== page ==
Friday was basically just watching Steve Martin in “Dead Men Don’t Wear Plaid”. The most controversial aspect of that night was a debate between Dee and me over how to pronounce “plaid”. “PLAYED” or “PLAD”.
Dee won. You say it like it rhymes with “MAD” — but without as much emphasis at the end. Like the the word just trails off.
Cool story huh? But all that drama was nothing compared to what was next!
Although I have documented the “Second Saturday” phenomenon many. many times before, I have been a bit lax in my writing of late — so I feel I should explain things again. A Second Saturday ironically starts on a Friday night, and it goes like this:
1) I love Friday nights. But when things might get real very early the next day I am a vision of discipline. I have a drinking limit and a definite bed time and a NO DANCING rule. So when your very being tells your soul “you should be partying”, instead you spend an impossible amount of time being quite ordinary. You start choosing and laying out your riding kit. Dee does something similar each and every work-day where just before bed she organises her work outfit for the next day. But me — I’m not used to that shit. So this activity is pretty intense and entirely alien.
2) Next you make sure your bike is in super-order. But you don’t pump the tyres until the morning cause they will leak about 10psi over night.
3) Then you set an alarm – maybe even two alarms – and despite that you are awake waaaay before those alarms ring and you are soon conceding defeat and up before 5am on your first Saturday. And then you get ready for that day’s adventures in a preparedness that I will maintain is more thorough than going out on a first date with the woman of your bestest dreams.
4) And then you do that epic ride which is probably the easiest part of the two Saturdays.
5) Once you are home and showered and re-hydrated and scoffed some food and had a calm-down in front of the TV with some stupid old movie on 7GEM you then head off to bed. That first Saturday thus fades into MYTH and you awake again an hour or so later and clamber out of bed just as the sun looks tired but you have a sudden buzz and you shake off that midday-sleep fuzziness and BANG! You have just scored a Second Saturday.
I cannot tell you how awesome this feels. I remember going to visit my Nanna in Ipswich on weekends (taking the train there on Friday afternoon after school and gorging myself on takeaway Pizza and Ice-cream and staying up past 8:30 to watch TV) and waking up in a daze on a Saturday in a strange bed underneath my nan’s ceiling fan like I was Martin Sheen in Apocolypse Now and being totally scared about where I was and being horrified I was late for school and then realising it was a Saturday and all that bullshit disolved and I was deep into party times.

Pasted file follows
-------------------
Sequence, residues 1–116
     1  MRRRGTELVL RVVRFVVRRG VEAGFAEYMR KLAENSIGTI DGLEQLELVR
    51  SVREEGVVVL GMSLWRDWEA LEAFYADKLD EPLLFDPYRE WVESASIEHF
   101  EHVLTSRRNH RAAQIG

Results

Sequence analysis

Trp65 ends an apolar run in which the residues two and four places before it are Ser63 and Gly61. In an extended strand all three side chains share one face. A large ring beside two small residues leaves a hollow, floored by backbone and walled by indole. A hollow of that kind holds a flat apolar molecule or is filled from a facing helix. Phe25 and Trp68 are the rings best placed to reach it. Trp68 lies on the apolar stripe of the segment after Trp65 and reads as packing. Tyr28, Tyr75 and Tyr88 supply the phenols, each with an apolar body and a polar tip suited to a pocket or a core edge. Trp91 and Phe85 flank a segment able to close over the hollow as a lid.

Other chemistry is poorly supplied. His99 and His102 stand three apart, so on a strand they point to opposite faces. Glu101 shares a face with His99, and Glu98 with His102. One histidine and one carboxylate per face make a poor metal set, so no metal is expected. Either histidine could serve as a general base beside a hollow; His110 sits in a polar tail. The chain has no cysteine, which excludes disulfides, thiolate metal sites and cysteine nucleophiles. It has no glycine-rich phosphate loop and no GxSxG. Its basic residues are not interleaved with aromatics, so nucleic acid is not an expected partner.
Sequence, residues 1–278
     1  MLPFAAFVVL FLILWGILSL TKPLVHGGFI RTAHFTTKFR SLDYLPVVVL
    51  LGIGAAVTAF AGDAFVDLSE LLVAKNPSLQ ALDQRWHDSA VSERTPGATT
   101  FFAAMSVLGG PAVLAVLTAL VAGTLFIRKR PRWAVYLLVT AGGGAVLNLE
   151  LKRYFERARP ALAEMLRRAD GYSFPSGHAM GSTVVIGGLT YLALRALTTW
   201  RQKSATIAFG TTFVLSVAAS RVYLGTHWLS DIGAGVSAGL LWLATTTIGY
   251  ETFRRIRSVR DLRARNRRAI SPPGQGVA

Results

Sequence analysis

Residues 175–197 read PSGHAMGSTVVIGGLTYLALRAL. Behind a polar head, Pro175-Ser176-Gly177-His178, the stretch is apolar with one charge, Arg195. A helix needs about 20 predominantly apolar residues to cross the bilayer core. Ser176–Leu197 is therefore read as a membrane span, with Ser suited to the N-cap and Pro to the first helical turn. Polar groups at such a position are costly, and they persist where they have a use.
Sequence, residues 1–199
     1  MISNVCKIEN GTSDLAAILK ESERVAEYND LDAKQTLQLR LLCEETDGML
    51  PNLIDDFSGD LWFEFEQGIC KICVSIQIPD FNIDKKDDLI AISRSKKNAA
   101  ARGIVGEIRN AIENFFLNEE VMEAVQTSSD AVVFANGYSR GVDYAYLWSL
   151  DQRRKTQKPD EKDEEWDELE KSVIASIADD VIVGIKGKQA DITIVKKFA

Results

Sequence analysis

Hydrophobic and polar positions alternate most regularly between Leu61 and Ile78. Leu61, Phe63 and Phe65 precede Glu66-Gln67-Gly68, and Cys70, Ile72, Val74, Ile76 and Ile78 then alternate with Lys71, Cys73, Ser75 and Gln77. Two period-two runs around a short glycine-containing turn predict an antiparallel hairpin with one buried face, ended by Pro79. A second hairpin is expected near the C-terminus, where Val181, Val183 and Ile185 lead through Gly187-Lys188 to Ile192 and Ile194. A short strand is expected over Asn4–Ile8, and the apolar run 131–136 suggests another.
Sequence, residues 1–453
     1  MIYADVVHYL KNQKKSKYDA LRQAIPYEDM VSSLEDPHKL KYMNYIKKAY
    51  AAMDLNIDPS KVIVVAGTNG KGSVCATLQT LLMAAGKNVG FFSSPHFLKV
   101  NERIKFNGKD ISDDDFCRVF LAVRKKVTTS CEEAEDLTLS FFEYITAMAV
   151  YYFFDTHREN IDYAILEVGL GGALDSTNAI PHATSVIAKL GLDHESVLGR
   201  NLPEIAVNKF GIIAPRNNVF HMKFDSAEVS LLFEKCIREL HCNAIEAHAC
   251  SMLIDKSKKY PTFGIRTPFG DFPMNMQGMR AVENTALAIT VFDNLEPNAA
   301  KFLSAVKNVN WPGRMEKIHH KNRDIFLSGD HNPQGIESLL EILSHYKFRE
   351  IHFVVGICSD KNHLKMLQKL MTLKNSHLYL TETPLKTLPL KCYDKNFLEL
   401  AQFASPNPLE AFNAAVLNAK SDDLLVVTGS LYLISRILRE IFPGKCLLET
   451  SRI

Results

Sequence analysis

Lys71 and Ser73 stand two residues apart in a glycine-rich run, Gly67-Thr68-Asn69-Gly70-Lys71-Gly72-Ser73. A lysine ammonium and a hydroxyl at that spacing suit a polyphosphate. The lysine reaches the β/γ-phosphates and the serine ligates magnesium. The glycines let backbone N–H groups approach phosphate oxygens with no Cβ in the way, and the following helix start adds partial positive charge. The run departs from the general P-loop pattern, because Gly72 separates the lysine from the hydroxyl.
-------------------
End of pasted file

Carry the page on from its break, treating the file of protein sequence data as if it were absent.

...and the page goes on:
(I am not sure why that story is relevant, but you’ll just have to trust me.)
Ryan and I did some decent riding that morning. Two summits of Coot-tha and an ascent of Mount Gravatt. I then did a bit of house/cleaning to wind down and got a tiny, tiny nap. But crucially it was enough sleepiness to draw a line in the sand between First Saturday and Second Saturday.
I wasn’t expecting to race on this second Saturday, but tragically — I am hopelessly prone to suggestion. I reckon I would get hypnotised pretty easily. Sometimes just watching people get hypnotised on TV or in a movie makes me a little fuzzy. You know when parents were trying to detonate all those youthful impressionable impulses and they would say, “Well if Billy told you to jump off a bridge would you to do it?” When I heard that logic it made total sense in my head. That fuckin Billy.
No way would I jump off a bridge if he told me so. But then it occurred to me maybe I would…
Anyway — despite saying about three hundred times that I was NOT racing and just there to say “hi” and do the slightest amount of partying — I had other commitments. I had to see Wintah and Glenn and Nelly’s band at Southside Tearoom. But of course your best friends sometimes have no understanding that you have other best friends. And so my protests were ignored and my name suddenly appeared on Gypsy’s race list. And that $5 entry fee just evaporated mysteriously from my wallet.
Once the dye was cast I worked out the maths in my mind:
1) 5 checkpoints should only take about 30-45mins. An hour tops.
2) I would smash the shit outta my riding duties and make my apologies at the end and thus miss the after-party. (boo!)
3) Then I would smash home, have a shower, get dressed and take a cab — rather than the train I had previously decided.